And now we have another variation of #1, which is the intrusion of native content...the need to get authors to stop ignoring First Nations after 1900 led to Departments of Education having to say, "include First Nations content or else!" to textbook writers, and that was a necessary and good thing, because authors writing about WWII discovered that there were First Nation's heroes in both WWI and WWII worth writing about, once they thought to look. So that worked out. But now that "First Nation's content?" is one of the items on textbook checklists, publishers are sticking it in whether it is relevant or not. So, I'm re-editing a series of biographies on Canadian PMs from another publisher, and in the middle of a discussion of this or that PM, there suddenly appear a couple of pages on native people of that era...and it's just kind of inserted at random. Not, "what was this PM's policies on First Nations?", but just sort of, "Meanwhile, back on the reserve..." What the hey? And of course, these fact pages are the exact same 'facts' as in every other book...creating mind-numbing repetition to turn kids off any possible interest in First Nations. Head:Desk. So nice try, but no cigar.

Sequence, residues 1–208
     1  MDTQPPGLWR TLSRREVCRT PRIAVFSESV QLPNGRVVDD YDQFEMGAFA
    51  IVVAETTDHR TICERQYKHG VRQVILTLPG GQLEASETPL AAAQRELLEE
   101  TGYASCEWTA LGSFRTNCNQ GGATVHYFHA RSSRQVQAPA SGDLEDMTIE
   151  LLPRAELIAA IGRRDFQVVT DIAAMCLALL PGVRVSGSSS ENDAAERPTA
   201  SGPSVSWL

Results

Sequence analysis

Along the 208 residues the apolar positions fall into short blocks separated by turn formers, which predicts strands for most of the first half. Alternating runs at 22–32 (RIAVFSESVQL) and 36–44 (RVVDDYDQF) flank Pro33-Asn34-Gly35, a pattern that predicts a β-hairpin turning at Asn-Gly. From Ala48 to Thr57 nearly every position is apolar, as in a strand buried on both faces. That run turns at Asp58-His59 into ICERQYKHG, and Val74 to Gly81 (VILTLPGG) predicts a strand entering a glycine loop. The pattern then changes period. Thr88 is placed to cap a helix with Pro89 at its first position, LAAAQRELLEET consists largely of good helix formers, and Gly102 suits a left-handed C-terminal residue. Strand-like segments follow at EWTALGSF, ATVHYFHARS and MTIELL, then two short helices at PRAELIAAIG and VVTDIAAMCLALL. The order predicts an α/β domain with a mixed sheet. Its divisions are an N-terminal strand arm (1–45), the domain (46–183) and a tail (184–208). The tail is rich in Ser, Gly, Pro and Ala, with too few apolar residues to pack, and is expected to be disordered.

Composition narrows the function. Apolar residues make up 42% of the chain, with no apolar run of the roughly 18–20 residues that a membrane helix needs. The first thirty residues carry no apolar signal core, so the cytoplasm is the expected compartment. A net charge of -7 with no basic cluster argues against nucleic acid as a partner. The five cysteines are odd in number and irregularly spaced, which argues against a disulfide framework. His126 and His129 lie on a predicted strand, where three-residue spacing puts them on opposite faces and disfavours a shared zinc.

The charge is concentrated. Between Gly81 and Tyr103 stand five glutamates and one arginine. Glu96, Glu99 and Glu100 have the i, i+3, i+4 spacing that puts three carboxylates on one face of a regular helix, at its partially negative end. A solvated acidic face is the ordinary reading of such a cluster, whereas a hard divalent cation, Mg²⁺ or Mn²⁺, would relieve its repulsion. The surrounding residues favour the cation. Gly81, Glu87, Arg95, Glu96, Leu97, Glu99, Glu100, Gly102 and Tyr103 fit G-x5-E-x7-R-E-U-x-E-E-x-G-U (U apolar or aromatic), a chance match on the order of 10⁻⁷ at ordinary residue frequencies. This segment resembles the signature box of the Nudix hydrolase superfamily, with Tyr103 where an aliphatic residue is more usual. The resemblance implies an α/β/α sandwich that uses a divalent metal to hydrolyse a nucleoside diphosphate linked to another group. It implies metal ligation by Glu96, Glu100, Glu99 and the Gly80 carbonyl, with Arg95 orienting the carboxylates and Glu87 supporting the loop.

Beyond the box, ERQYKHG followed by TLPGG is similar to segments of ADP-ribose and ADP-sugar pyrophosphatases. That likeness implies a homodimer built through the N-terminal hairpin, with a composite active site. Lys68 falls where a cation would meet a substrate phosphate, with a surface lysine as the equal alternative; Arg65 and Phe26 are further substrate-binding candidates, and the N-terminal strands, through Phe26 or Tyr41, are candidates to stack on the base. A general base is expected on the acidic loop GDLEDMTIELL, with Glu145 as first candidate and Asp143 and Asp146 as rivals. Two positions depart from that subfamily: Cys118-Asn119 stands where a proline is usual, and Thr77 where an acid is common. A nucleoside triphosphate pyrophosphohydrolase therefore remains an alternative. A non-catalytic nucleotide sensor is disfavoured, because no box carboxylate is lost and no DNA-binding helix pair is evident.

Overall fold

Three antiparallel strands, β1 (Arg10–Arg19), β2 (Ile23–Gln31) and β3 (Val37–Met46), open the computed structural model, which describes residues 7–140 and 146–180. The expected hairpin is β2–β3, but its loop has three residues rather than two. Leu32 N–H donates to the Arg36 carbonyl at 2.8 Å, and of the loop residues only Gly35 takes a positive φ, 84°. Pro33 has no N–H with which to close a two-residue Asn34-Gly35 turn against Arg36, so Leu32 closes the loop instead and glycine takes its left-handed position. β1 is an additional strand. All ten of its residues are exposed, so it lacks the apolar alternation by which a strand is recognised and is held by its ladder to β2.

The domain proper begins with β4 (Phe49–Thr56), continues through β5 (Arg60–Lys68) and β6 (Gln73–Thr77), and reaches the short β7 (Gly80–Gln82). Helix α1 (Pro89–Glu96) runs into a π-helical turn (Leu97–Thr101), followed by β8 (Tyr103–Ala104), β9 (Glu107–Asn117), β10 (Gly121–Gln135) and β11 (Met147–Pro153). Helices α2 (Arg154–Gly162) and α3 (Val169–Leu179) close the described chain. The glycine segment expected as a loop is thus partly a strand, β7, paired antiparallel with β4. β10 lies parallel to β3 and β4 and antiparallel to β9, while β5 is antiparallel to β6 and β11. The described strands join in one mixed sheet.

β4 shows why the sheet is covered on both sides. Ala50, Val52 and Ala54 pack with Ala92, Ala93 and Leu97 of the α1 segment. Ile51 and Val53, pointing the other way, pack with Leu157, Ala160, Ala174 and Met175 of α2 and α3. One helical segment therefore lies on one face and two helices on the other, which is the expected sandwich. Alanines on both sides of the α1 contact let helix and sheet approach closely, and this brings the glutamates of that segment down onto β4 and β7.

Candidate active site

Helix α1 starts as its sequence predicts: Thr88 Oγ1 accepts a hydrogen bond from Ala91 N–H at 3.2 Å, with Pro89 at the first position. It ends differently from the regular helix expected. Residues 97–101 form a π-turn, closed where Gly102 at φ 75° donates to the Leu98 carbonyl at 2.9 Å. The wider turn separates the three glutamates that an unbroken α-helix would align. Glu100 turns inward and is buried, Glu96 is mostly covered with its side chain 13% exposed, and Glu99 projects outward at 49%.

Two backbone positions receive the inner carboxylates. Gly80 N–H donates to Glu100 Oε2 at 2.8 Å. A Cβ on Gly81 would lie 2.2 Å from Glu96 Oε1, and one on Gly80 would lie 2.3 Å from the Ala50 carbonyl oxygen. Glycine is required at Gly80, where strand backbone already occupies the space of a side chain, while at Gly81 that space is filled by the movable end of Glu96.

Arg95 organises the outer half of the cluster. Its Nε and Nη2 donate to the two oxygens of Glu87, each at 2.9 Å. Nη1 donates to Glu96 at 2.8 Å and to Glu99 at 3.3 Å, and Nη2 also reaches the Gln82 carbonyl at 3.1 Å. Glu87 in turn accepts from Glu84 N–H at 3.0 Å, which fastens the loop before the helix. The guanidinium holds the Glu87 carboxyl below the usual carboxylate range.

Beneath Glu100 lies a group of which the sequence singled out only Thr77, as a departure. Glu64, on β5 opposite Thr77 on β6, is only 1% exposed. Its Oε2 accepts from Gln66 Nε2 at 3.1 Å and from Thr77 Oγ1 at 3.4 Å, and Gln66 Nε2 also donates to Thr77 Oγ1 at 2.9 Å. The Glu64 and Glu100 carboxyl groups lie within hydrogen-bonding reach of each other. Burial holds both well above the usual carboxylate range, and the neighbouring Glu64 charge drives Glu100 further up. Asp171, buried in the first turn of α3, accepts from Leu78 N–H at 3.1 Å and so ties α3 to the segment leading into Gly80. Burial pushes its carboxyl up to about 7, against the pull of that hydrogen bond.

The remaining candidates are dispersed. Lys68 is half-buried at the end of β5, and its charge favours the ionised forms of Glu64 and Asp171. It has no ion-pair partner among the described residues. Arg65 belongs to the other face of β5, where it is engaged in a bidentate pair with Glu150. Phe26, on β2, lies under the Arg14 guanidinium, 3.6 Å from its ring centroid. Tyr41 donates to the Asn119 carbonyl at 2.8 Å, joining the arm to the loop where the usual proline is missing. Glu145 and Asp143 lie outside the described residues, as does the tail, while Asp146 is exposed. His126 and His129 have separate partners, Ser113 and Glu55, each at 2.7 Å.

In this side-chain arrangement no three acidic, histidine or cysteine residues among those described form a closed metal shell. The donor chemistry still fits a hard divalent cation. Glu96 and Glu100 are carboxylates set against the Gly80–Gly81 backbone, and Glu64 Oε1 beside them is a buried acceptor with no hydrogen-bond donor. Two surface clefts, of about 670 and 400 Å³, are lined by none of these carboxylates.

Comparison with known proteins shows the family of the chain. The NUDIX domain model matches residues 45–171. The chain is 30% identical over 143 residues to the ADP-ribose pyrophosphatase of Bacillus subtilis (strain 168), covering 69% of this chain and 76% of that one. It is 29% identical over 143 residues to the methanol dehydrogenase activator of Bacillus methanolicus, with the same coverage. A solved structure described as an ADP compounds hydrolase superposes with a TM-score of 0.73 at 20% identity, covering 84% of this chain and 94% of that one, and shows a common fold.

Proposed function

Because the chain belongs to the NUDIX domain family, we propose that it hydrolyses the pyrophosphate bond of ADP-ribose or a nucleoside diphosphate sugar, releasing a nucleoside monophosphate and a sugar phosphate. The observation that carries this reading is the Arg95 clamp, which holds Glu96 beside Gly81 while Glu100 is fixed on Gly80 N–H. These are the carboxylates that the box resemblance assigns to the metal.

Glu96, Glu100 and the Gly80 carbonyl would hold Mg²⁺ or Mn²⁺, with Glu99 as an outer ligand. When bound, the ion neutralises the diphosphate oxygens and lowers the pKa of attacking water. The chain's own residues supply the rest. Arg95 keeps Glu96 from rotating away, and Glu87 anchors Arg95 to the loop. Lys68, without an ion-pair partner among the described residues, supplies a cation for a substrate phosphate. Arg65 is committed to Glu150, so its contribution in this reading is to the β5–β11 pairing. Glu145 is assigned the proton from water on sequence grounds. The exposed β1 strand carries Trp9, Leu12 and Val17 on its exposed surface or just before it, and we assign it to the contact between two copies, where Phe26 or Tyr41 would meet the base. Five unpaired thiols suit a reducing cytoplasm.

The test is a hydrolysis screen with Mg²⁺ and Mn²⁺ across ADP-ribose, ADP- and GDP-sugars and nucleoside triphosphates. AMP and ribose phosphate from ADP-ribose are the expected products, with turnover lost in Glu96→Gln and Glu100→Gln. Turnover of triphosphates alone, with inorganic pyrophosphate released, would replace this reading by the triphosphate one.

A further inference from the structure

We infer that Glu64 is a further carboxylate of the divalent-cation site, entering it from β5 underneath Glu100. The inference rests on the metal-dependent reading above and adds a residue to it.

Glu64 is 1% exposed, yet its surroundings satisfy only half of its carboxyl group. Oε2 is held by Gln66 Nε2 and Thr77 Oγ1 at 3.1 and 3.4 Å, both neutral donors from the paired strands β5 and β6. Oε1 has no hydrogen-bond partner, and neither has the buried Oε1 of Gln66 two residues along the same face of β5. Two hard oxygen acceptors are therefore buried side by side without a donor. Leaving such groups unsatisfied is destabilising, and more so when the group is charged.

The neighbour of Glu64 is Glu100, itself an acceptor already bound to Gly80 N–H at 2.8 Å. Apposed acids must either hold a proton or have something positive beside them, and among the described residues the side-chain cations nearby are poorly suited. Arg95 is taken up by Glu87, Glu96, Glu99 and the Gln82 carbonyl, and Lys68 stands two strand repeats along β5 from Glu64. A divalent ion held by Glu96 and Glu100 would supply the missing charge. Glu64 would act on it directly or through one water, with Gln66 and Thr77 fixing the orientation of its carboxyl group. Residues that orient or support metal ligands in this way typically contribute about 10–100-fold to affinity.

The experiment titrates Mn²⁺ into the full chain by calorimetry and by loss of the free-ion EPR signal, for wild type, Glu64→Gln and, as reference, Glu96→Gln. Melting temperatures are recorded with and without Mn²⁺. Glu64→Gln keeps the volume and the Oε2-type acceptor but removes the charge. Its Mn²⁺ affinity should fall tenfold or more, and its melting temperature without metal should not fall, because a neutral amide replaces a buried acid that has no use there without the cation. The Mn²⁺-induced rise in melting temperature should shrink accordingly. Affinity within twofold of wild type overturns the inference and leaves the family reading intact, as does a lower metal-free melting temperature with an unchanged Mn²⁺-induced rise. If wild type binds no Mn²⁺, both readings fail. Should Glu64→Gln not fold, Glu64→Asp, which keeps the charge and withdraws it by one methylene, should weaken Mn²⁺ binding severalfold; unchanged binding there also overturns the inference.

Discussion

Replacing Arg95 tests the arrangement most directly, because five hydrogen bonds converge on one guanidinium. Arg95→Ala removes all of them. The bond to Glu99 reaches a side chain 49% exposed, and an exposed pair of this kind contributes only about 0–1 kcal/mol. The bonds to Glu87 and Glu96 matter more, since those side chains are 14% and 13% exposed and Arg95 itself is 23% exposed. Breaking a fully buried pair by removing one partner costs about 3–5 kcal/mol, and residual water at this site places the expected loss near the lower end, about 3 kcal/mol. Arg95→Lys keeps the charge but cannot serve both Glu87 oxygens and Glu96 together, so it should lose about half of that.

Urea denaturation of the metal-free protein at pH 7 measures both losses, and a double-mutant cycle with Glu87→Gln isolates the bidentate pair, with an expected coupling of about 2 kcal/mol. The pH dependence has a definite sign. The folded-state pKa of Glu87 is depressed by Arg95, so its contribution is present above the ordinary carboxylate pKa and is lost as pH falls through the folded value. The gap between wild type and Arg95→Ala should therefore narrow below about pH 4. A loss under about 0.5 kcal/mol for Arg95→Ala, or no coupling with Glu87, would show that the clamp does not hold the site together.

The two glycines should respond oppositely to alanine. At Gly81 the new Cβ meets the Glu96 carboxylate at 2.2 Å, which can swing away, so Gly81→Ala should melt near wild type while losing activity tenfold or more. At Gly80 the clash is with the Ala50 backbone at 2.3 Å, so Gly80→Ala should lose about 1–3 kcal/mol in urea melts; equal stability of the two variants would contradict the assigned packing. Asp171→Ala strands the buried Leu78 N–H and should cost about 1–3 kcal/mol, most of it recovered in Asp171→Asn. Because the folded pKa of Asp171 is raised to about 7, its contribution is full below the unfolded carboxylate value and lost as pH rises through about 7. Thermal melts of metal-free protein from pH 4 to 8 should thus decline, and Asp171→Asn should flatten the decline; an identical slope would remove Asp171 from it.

Thursday, September 05, 2013

On Canadian History

Kasia (my almost-10 yr old): "I finished my report for Canadian history."

Me: "That was fast. What did you write on?"

Kasia: "How I feel about Canadian history. " Hands me an 8.5X11 sheet of paper covered on both sides with a continuous row of "Z"s.

Point taken.

But the thing is, Canadian history is actually really interesting. Fascinating piece on Albertan Two-gun Cohen this morning on CBC morning a case in point. After listening to his story, interviewer asked, "How come we never heard of this guy before? It's a fantastic story!" And the journalist essentially shrugged on air and said, "it's how Canadians teach history: they leave out all the interesting characters".

Drives me crazy.

My students never found Canadian history boring, but then the story of confederation is one of bribery, booze, and backstabbing when I tell it. And McKenzie King! Who could find King boring? How cool is it to find out that Canadian foreign policy was dictated by his dead mother (via a psychic)? "Conscription if necessary, but not necessarily conscription" is one of the great bafflegab statements of all time. And compare King's handling of the Bing scandal with say, Watergate. And what other world leader stole stones out of Buckingham palace for their private estates as King did with Kingsmere?

I'm telling you, Canadian history is engrossing if you actually know any of it.